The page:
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Driving The News

University of Washington researchers have developed an AI system called “Target Speech Hearing” (TSH) that allows headphone users to selectively listen to a specific person in a noisy environment. By looking at the desired speaker for 3-5 seconds, the system learns their vocal patterns and cancels out all other sounds, playing back only the enrolled speaker’s voice in real-time.

Why It Matters

This technology has the potential to significantly improve the listening experience for headphone users in noisy environments, such as crowded spaces or busy workplaces. It could also have applications in hearing aids, allowing users to focus on specific speakers without the distraction of background noise.

How It Works

  1. The user, wearing off-the-shelf headphones with microphones, taps a button while looking at the desired speaker for 3-5 seconds.
  2. The speaker’s voice reaches the microphones on both sides of the headset simultaneously (with a 16-degree margin of error).
  3. The headphones send the signal to an on-board embedded computer, where machine learning software learns the speaker’s vocal patterns.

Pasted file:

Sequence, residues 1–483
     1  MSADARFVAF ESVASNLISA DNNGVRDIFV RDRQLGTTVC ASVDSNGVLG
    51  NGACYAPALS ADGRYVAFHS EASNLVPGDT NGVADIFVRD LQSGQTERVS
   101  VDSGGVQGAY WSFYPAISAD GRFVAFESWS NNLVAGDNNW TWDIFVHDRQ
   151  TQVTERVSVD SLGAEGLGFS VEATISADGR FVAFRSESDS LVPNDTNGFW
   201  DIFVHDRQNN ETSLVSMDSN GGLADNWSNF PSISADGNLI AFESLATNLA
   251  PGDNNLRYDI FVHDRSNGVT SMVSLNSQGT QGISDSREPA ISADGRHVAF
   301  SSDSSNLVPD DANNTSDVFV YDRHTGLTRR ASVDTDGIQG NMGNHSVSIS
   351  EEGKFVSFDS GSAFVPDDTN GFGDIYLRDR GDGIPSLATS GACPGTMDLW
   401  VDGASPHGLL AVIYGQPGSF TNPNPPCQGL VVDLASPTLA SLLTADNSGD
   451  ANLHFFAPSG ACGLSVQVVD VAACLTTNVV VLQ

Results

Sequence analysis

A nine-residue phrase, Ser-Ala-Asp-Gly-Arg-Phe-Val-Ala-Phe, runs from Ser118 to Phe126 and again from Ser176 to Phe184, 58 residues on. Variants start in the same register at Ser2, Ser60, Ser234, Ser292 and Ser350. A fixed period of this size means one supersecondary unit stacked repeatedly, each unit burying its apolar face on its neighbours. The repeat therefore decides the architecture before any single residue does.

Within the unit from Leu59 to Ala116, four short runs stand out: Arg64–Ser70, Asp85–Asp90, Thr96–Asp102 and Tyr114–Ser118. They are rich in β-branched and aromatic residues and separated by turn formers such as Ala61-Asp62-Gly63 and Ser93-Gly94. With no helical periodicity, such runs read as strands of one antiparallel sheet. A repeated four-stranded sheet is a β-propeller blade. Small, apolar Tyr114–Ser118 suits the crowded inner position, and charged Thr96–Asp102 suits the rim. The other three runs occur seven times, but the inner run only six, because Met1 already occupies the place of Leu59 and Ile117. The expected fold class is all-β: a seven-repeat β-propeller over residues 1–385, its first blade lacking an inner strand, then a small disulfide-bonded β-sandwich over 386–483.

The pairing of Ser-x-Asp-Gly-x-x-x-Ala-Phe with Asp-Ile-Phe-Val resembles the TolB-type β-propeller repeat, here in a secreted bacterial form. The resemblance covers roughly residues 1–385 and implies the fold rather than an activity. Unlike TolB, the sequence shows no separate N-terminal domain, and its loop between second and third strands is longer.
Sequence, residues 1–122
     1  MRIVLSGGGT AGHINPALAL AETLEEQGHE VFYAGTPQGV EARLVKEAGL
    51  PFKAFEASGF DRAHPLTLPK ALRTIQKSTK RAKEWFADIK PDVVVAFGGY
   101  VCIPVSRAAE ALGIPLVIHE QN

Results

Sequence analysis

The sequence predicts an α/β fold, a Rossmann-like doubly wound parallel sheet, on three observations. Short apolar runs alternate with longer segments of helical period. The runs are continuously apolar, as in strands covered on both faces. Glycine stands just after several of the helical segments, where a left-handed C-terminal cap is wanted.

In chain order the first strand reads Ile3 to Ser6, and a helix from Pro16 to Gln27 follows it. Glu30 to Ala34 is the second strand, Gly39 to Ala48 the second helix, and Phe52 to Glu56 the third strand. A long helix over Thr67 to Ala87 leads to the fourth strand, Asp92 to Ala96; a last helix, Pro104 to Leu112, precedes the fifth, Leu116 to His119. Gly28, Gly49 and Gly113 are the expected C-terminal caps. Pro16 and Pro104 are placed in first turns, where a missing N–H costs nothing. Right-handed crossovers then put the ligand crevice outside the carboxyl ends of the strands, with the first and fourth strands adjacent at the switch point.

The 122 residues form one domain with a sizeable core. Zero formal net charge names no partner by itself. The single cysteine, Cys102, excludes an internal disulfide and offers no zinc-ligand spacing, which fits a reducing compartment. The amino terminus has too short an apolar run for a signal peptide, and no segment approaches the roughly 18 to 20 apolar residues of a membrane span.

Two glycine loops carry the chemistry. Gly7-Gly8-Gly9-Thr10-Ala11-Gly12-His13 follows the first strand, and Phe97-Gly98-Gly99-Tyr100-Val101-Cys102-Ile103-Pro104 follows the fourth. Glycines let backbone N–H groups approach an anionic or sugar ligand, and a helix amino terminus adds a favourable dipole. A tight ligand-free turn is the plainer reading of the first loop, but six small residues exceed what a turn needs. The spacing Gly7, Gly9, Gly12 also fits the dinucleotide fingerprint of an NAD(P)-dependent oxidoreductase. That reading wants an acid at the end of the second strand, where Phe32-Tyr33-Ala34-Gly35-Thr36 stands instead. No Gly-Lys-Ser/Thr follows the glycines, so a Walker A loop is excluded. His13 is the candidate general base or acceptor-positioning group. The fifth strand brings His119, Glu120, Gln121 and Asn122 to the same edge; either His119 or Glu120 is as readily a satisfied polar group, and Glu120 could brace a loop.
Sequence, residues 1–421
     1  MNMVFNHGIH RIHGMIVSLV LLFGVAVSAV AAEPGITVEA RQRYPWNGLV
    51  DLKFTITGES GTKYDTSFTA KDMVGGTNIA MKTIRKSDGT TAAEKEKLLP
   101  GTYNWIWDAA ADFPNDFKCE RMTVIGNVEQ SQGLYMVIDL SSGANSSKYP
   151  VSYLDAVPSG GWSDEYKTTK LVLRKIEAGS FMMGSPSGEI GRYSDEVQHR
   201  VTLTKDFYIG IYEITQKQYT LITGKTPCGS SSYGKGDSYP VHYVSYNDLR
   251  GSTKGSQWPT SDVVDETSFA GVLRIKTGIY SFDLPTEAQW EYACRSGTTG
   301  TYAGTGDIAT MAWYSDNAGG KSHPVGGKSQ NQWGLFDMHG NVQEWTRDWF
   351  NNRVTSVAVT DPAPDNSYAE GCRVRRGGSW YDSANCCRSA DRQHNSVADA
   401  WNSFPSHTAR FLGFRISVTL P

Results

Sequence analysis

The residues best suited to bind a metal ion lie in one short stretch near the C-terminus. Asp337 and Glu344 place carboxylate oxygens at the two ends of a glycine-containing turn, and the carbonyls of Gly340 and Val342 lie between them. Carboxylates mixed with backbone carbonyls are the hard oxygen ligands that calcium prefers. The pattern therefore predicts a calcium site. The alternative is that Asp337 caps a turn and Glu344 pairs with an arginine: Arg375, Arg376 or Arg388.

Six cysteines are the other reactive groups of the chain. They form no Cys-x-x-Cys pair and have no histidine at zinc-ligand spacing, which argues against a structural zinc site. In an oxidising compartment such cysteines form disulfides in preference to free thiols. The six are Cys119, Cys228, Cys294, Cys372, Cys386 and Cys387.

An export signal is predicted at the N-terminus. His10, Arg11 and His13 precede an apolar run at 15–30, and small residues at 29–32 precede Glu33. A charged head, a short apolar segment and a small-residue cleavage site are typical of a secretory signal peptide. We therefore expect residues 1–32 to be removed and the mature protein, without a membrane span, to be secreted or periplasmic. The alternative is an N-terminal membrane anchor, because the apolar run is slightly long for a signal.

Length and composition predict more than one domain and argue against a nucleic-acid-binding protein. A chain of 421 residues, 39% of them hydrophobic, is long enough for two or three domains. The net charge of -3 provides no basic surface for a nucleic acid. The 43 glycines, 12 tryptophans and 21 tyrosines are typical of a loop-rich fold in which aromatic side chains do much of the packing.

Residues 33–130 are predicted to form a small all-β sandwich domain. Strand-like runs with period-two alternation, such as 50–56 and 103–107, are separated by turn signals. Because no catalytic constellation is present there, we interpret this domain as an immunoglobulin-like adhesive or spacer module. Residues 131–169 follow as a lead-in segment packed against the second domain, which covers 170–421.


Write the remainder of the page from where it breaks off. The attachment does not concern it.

4. The system latches onto the enrolled speaker’s voice and continues to play it back to the listener, even as they move around.

The Big Picture

This research builds on the team’s previous work on “semantic hearing,” which allowed users to select specific sound classes (e.g., birds or voices) to hear while canceling other sounds. The TSH system currently has limitations, such as enrolling only one speaker at a time and requiring a clear line of sight to the speaker during enrollment. However, the team is working on expanding the system to earbuds and hearing aids in the future.

Most Interesting Idea

The most intriguing aspect of this research is the potential to change how we perceive and interact with our auditory environment. By giving users the ability to selectively focus on specific speakers or sounds, this technology could transform the way we communicate and engage with others in noisy settings. It also highlights the growing role of AI in modifying and enhancing our sensory experiences based on individual preferences.

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